During online discussions, earlier messages can affect later messages. This study examined how online discussion messages affected one another along five dimensions: (1) evaluations (agreement, disagreement, or unresponsive actions); (2) knowledge content (contribution, repetition, or null content); (3) social cues (positive, negative, or none); (4) personal information (visit number); and (5) elicitation (eliciting response or not). Using sequential logit regressions and a structural equation model (SEM), this study analyzed 131 messages covering seven topics in the math forum of a university Bulletin Board System (BBS) Website. Results showed that, disagreement or contribution in the previous message increased the likelihoods of disagreements and social cue displays in the current message. Messages that disagreed with an earlier message also increased the likelihood of eliciting a subsequent response. Together, these results show how earlier messages may affect later messages during online discussions. These results can help educators understand and facilitate online academic discussions. Copyright © 2006 IEEE.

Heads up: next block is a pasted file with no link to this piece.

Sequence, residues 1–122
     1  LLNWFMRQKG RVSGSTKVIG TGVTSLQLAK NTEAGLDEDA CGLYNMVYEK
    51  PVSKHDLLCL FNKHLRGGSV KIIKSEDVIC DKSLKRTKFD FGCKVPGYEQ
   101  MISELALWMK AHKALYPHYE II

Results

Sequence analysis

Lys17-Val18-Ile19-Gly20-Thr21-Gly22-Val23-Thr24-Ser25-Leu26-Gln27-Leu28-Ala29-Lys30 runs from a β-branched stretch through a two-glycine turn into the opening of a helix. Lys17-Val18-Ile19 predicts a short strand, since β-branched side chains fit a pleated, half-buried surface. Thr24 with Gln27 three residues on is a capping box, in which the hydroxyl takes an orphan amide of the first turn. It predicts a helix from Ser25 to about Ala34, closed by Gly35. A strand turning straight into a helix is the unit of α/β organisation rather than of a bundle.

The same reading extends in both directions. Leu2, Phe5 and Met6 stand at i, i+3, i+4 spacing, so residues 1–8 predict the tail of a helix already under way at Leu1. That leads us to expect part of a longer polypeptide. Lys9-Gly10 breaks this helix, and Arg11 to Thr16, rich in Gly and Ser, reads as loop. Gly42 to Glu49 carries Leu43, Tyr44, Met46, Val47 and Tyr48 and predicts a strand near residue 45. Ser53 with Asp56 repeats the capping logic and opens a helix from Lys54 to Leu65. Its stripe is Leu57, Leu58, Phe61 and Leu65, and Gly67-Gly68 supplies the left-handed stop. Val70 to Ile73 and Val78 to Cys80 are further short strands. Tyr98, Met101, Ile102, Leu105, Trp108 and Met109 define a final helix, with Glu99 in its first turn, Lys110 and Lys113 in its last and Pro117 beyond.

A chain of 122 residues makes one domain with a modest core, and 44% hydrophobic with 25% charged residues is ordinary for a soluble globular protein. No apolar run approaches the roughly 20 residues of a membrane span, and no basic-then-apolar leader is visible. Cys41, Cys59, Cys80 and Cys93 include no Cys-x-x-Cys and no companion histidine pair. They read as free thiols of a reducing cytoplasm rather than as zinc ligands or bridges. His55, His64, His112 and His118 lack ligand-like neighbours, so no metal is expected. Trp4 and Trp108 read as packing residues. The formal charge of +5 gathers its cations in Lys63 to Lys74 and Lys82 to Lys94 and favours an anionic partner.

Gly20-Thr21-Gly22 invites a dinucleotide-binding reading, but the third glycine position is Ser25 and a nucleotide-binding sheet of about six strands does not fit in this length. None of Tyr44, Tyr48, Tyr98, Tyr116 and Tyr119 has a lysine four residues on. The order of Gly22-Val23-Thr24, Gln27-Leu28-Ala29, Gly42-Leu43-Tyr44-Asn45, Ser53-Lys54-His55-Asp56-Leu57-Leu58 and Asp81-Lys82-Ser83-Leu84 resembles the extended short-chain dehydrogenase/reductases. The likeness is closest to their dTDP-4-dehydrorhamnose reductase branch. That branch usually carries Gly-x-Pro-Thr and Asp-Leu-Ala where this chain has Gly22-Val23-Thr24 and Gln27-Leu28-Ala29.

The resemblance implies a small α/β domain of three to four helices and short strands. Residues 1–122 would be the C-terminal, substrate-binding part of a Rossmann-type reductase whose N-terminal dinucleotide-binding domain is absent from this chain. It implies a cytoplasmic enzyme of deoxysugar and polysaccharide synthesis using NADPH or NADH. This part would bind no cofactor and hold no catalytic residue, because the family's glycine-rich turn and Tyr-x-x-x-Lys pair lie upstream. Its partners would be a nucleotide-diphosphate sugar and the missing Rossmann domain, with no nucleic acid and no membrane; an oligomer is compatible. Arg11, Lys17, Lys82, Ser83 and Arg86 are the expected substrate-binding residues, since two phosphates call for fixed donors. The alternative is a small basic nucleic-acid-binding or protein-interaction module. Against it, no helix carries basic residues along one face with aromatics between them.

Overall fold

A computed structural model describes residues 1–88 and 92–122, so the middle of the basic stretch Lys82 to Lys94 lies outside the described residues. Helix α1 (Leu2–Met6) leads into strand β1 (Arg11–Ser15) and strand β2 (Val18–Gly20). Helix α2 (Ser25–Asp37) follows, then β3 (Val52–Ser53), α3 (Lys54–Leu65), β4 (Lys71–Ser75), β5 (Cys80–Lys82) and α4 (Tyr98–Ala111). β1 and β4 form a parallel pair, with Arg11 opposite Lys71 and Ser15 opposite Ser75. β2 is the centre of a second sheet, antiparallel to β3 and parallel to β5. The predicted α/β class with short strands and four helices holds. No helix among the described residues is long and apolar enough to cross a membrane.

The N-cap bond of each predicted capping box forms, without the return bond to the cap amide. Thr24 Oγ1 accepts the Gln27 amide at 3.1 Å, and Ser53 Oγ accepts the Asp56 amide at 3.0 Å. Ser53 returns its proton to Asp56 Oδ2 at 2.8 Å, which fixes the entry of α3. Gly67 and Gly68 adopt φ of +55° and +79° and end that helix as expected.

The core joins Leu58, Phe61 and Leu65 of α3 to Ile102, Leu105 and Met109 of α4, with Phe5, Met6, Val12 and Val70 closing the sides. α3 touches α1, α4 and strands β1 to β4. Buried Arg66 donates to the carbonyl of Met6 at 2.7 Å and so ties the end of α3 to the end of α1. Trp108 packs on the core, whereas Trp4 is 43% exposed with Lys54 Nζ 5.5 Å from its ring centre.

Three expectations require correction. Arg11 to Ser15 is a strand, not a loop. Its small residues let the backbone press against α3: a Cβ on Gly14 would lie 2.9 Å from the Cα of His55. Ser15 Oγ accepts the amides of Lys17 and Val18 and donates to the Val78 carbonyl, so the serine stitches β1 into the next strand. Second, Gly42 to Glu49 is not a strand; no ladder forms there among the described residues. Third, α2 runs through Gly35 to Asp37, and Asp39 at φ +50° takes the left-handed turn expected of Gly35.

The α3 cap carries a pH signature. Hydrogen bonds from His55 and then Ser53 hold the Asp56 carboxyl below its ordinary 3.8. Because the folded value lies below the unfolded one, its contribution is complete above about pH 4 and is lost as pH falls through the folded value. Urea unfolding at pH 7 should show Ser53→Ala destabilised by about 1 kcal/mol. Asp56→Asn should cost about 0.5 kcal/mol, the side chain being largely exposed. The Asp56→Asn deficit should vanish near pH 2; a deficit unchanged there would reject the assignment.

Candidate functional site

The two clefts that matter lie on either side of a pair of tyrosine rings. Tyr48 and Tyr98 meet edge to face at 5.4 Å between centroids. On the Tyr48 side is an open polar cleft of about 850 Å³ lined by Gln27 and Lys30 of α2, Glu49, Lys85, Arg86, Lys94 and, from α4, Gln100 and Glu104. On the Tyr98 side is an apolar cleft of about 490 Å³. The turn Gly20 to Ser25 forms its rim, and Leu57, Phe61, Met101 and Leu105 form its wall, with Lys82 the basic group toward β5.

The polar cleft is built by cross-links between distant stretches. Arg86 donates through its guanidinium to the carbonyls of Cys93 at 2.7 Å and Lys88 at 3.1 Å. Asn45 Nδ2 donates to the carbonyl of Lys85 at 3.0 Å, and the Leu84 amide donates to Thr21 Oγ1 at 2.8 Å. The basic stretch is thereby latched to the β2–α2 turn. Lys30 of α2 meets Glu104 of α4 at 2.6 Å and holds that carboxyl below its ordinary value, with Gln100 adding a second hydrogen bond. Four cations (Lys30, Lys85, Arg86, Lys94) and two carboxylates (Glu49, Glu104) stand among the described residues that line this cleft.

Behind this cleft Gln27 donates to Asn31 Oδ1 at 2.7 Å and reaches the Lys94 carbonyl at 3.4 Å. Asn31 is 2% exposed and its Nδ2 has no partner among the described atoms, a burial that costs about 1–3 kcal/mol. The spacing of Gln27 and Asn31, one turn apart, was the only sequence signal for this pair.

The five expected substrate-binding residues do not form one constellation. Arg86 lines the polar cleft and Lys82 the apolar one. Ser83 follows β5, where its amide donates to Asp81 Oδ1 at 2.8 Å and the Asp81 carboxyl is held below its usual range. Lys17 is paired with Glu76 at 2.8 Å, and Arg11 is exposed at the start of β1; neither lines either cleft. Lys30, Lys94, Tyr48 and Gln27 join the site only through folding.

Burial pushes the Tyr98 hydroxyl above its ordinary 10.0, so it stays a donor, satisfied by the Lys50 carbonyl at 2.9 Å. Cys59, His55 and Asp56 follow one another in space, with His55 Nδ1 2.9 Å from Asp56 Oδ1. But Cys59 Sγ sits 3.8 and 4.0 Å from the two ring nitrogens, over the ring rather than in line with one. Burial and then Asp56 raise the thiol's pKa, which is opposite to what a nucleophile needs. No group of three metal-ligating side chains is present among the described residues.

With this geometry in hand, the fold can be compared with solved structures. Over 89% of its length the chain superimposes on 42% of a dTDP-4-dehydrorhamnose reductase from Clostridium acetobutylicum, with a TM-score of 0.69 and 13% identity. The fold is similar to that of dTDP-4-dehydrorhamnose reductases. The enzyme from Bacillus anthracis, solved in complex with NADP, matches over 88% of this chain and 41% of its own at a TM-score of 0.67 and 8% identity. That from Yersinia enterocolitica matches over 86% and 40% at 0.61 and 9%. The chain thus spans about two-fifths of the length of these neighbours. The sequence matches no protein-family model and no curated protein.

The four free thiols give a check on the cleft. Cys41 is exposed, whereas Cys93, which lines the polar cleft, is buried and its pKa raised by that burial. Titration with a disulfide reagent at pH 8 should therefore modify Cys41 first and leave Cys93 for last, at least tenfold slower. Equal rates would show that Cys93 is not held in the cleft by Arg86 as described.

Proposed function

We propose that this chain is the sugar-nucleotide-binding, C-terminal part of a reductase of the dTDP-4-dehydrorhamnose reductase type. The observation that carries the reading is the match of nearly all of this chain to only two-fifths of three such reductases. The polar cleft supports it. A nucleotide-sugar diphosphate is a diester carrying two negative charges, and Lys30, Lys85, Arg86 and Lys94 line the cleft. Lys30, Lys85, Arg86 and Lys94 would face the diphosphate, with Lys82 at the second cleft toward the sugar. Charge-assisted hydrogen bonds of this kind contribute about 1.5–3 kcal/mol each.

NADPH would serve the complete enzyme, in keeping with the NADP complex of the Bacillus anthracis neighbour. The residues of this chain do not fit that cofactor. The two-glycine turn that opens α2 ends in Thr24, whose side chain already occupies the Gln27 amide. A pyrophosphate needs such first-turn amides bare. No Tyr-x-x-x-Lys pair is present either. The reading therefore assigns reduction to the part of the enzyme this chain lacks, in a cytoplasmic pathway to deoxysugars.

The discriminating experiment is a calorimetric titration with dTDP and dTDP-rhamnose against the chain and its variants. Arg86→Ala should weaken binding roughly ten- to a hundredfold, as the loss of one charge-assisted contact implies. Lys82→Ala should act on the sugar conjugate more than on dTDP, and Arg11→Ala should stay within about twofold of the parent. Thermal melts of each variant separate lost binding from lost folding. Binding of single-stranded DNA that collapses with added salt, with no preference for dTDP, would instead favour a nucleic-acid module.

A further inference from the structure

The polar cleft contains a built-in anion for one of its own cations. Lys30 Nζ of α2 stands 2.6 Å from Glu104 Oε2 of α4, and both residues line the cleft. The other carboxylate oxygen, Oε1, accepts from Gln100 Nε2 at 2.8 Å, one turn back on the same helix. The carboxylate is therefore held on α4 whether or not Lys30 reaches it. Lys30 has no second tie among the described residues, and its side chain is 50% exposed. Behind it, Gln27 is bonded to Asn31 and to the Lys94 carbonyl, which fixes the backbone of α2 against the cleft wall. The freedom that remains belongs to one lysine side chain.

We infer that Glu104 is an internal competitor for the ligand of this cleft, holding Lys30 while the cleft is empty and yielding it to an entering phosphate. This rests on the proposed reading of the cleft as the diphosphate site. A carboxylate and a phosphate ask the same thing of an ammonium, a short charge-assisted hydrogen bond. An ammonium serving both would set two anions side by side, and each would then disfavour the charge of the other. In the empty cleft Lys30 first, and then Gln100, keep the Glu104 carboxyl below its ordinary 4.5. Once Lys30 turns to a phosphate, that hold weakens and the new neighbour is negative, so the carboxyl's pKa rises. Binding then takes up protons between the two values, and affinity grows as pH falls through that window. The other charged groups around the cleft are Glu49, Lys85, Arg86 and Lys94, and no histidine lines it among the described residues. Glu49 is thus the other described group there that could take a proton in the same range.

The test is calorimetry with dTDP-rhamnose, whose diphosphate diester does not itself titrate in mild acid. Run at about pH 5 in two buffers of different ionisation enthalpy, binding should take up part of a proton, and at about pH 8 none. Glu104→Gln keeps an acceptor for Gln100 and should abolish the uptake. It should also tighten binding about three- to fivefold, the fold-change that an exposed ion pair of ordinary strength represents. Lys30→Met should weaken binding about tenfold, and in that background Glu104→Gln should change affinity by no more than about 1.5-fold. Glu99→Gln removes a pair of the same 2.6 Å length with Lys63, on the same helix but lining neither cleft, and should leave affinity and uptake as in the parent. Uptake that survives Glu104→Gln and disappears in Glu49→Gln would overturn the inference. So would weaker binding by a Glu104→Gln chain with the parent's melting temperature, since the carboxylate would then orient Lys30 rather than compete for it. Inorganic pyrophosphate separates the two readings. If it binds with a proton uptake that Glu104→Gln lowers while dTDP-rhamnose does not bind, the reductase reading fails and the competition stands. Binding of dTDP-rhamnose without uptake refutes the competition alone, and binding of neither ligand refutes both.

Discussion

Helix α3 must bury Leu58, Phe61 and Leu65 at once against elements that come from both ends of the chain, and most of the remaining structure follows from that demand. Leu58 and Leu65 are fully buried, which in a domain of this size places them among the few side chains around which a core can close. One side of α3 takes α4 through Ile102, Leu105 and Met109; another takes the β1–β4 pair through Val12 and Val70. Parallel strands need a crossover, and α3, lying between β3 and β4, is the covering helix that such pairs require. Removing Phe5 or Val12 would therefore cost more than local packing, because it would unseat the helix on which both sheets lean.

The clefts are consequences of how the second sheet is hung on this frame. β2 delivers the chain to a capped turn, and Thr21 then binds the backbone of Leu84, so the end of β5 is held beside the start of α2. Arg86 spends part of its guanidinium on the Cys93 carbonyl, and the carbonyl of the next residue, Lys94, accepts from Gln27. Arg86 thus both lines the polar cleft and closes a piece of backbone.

|Title of host publication||The 6th IEEE International Conference on Advanced Learning Technologies, Kerkrade, the Netherlands, 5-7 July 2006|
|Editors||KINSHUK, Rob KOPER, Piet KOMMERS, Paul KIRSCHNER, Demetrios G. SAMPSON , Wim DIDDEREN|
|Publisher||IEEE Computer Society|
|ISBN (Print)||0769526322 , 9780769526324|
|Publication status||Published - 2006|